Tuesday, October 27, 2009

Securing your Mac laptop

Laptops get lost and stolen a lot. I am extra careful with my laptop because I keep so much of my and my customer's private data on it. I take a few steps to protect this information that I want to share with you (Mac OS X specific):

I keep a small encrypted disk image that contains all my passwords and other sensitive information. It also contains my .ec2, .s3cfg, .profile, .ssh, .gnupg, and .heroku files. Then in my home directory I make soft links ln -s ... to these files.

I do not keep the password for this disk image in my OS X keychain!

It is a very small hassle: each time I boot up, I mount this image so my .ssh, etc. files are available. This adds 10 seconds of "overhead" to each time I boot my laptop.

Whenever I start working for a new customer, I ask them if they would like me to also keep their working materials encrypted (some overhead involed, so I like to ask them if I should spend the time doing this).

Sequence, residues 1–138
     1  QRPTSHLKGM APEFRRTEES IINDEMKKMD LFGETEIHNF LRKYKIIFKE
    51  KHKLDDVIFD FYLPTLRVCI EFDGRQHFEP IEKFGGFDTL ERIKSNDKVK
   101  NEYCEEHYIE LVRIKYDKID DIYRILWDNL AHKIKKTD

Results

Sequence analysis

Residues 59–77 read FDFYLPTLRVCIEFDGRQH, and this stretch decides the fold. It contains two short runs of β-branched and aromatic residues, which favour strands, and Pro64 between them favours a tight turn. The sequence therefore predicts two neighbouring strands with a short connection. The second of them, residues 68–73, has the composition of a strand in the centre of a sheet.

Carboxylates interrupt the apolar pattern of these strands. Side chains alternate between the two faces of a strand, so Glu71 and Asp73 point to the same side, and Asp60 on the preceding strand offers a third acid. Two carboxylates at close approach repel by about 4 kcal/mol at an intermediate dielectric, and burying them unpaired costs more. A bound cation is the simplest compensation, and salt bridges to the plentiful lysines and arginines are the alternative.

Update: a reader pointed out that this is only a partial solution, and I agree with that. Using full volume encryption is a much more secure system. With my easy scheme, for example, browser session cookies are vulnerable so someone might be able to access your gmail account and any services that use email password resets.

1 comment:

Simon Brown said...

Nice tip about soft linking those key files. I use sparsebundle encrypted disk images for storing/running VMware virtual machines (containing customer work) and likewise there's a tiny overhead at the start of each day, but the benefits far outweigh the cost!